This important dock is key to understanding your family history connections to life in London’s Docklands between 17th to the 19th centuries.
There has been a dock to the east of the Tower of London, for about a thousand years. The area had a strong community, with a church ( St Katherine’s), a hospital and school. There was employment connected to river activities, housing was dense and the area thrived through the C17th .
Traffic and trade on the river grew and more people moved into the area. It became a district of slum housing and low wages and as in other areas, it became notorious for it’s prostitutes and thieves.
In 1827, when Parliament decided that new docks had to be built, to deal with the growing amount of trade, the whole area, a site of 24 acres, was demolished and the slums gave way to an immense dock complex, with warehousing to house some of the worlds most precious cargoes, including, wine, marble, spices, rum and brandy, ivory, indigo and perfumes.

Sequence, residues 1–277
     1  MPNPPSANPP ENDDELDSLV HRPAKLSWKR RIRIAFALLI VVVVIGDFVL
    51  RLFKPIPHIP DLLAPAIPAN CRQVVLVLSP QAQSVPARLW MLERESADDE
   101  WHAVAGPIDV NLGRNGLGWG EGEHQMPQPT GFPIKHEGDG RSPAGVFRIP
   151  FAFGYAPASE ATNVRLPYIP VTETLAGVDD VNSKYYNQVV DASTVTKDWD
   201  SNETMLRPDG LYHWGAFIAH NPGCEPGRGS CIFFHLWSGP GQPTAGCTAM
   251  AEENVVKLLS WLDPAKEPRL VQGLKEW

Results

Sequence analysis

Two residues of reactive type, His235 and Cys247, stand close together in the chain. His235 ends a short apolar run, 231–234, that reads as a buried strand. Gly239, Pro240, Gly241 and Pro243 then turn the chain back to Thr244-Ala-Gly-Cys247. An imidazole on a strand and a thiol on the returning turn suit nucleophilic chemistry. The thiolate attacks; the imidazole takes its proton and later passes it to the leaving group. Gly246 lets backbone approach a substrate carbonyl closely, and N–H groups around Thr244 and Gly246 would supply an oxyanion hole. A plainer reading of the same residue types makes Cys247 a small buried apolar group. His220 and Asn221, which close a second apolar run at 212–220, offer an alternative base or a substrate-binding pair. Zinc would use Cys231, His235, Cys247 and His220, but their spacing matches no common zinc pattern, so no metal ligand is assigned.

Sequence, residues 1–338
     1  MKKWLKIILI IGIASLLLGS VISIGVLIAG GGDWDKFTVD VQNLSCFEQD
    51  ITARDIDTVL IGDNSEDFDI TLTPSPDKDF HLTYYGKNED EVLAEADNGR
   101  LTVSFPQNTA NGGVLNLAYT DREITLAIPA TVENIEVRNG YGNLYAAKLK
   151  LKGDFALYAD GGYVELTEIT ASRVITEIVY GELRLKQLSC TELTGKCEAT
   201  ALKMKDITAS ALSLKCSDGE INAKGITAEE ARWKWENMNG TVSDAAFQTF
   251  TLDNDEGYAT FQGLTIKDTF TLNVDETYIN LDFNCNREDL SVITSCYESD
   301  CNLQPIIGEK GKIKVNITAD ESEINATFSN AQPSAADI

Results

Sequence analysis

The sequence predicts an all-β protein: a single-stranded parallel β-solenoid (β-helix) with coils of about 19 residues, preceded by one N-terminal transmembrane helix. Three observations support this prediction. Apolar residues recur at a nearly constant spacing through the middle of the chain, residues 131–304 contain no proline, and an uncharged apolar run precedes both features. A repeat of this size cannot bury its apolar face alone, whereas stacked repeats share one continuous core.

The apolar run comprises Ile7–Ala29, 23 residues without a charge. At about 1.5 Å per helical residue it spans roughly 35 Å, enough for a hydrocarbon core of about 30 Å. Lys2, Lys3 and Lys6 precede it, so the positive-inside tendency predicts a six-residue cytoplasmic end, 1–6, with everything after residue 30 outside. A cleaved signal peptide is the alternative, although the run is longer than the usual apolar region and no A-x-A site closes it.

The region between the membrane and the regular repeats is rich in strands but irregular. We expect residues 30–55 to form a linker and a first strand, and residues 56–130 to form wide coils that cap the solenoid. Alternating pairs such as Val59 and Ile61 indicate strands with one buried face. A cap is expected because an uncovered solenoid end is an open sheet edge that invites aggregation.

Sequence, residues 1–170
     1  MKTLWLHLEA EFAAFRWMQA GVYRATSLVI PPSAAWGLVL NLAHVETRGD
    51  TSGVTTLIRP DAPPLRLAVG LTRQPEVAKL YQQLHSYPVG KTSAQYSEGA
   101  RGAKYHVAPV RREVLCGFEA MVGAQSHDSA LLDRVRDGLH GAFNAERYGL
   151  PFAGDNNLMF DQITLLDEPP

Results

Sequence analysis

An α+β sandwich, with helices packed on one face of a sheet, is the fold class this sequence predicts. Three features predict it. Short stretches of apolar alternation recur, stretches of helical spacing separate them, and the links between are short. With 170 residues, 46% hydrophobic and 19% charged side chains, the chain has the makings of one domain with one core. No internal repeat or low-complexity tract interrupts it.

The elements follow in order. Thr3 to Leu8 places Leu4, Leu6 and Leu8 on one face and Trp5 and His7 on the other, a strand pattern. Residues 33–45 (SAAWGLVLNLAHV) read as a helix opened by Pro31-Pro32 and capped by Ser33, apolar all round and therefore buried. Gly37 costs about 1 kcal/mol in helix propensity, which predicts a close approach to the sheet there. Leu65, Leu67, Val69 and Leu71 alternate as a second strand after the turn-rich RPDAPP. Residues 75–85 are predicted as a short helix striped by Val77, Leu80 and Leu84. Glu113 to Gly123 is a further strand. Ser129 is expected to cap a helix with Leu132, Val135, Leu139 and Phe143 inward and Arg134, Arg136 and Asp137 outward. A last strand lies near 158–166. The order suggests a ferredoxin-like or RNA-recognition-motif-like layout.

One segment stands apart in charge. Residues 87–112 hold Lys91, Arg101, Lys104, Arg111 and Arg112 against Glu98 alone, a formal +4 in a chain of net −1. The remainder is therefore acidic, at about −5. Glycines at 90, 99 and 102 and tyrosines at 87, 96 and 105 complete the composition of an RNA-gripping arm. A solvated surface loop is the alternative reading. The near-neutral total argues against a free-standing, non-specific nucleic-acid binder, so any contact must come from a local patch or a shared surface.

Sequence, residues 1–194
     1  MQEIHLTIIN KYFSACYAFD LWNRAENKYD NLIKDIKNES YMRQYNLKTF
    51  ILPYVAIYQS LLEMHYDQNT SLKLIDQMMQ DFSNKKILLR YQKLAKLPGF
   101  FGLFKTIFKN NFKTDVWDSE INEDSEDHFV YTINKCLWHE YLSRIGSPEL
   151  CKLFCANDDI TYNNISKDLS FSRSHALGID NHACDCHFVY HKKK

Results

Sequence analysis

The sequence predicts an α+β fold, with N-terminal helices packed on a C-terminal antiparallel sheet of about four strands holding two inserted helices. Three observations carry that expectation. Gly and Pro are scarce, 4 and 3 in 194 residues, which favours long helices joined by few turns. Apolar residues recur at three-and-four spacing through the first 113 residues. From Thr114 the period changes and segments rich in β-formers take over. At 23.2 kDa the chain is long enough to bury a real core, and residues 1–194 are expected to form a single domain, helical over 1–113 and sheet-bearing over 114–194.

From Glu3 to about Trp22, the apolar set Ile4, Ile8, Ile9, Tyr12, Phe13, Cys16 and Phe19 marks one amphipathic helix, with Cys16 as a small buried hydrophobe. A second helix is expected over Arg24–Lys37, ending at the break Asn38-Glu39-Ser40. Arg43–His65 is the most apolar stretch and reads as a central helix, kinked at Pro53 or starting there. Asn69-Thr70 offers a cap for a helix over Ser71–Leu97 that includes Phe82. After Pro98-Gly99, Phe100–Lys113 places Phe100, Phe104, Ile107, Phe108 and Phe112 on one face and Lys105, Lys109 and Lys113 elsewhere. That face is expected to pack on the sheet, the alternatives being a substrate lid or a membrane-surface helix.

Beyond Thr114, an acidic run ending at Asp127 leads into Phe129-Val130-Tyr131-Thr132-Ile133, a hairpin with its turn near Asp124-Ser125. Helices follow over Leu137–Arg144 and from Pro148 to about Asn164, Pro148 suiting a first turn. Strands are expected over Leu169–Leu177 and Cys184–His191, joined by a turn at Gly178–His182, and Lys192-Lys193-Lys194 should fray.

The engineer tasked with the job was Thomas Telford and the architect was Philip Hardwick. Between them they created a dock, capable of handling more goods, more quickly than any other in the world.
From demolition to opening, took little over a year. Nearly 11,500 people were displaced by this clearance, a small market town population in today’s term.
The history of dockworkers in London captures the essence of life in London for poor people, up to 4,000 workers a day fought for work that paid a pittance, 4d an hour, so desperate were they for work.
There are many sources of information available to explore London ancestors who were dock workers, the link is a site that gives a useful overview of the London docks and the people working in them.
The docks provided an essential lifeline to the poor London workers.
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